Going off to college usually means leaving your family behind. But for student-athletes, TJ Olifiers ‘26 and Cami Leyes ‘26, coming to Muhlenberg meant being reunited with their older siblings. Olifiers’ older brother, Kevin Olifiers ‘23, is a 5th-year punter and quarterback for the football team, while Leyes’ older brother, Sebastian Leyes ‘23, is a senior defender for the men’s soccer team. Even though young Olifiers may play lacrosse and young Leyes plays volleyball, their siblings and friends have significantly impacted their decision and transition to Muhlenberg.
One of the most difficult parts about being an underclassman is making friends, especially with upperclassmen. Olifiers and Leyes did not have that problem, already knowing their older brothers’ friends. “When I got here, I knew people already, I had already met a lot of Kevin’s friends so it was nice to have familiar faces on campus,” said Olifiers. “When I hang out with Sebastian, I’m with his friends and it makes it more comfortable to be on campus while we’re all still new here,” Leyes agreed. Even though most student-athletes know the upperclassmen on their team, having an older sibling has introduced Leyes and Olifiers to upperclassmen on other teams as well. Leyes’ older brother has introduced her to his friends on the tennis team, lacrosse team and friends that don’t play sports. Olifiers’ brother was also able to introduce him to players on the wrestling team, baseball team and even some of the upperclassmen on his own team.
Not only do Leyes and Olifiers have more confidence and knowledge about Muhlenberg than the average first-year, but they also have more support and outlets. “Having a sibling on campus is definitely a huge help. Kevin teaches me some study habits. I’ll go to the library with him sometimes and he’ll tell me how long I need to be there and what I need to do to get good grades,” said Olifiers. It is especially helpful since their older siblings understand what Leyes and Olifiers are going through and can offer support and advice. “Playing a sport is a little overwhelming, especially the first couple [of] weeks [because] every moment of your day is planned out, you don’t have any freedom. It was hard adjusting but it was nice because I would talk about it with my brother and he was like ‘it’s normal for you to feel overwhelmed’ and it was nice that I could comfortably talk about how I was overwhelmed and stressed,” said Leyes. Both pairs of siblings have each other’s back in a unique way. The freshmen also have their older brothers’ houses as a way to escape the sometimes-crammed Walz dorm. “It’s nice to have a place to decompress. When you meet new people, you feel the need to put on this mask, but my brother already knows me, so I can just go to his house and be myself,” said Leyes.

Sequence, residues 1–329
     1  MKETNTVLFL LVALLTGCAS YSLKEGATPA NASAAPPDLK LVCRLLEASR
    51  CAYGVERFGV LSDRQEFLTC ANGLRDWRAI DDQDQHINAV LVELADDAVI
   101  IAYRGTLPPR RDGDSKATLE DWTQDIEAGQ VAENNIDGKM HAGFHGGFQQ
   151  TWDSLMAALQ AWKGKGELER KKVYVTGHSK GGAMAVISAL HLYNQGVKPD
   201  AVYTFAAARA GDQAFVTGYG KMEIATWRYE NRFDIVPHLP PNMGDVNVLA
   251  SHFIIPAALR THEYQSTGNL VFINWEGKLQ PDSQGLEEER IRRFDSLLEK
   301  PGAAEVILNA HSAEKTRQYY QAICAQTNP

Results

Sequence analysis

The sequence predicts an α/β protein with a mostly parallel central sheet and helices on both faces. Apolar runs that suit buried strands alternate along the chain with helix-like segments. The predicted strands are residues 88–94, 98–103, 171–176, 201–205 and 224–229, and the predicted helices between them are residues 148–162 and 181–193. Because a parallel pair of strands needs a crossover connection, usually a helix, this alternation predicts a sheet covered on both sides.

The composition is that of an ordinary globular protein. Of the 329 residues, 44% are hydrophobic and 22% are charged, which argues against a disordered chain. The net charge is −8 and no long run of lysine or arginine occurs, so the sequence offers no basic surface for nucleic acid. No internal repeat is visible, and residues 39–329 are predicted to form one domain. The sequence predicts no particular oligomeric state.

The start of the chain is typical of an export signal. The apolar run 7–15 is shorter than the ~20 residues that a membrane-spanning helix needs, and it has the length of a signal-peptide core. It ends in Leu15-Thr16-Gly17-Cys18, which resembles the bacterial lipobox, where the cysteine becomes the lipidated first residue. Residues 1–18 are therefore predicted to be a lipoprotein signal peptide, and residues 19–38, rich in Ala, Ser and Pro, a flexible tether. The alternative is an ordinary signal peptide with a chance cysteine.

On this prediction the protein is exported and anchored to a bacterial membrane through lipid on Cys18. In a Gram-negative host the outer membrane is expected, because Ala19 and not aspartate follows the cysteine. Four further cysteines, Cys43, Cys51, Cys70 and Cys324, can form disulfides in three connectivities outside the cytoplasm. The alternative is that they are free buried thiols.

Neither of the freshmen chose Muhlenberg specifically because of their sibling, but it was a major factor in their decisions. “When I first got my offer from Muhlenberg, Kevin wouldn’t tell me anything about the school or give me any insider information, but just looking at the success he had with his network and the connections he made, I was like ‘OK I want to be a part of that, I want to have a close-knit community like that’,” said Olifiers.
Leyes’ decision to come to Muhlenberg was slightly different. “Once Sebastian came here and I visited a lot, I liked the campus and he seemed to be happy here,” said Leyes. However, she originally was not going to play volleyball in college. But after having a successful senior season, she reached out to head volleyball coach, Rob McVicker, asking if they had a spot for her once she was already accepted into the school. Unlike Olifiers, her brother had nothing to do with her athletic recruitment. However, both agree that they would’ve come to Muhlenberg regardless, having their siblings was just a benefit.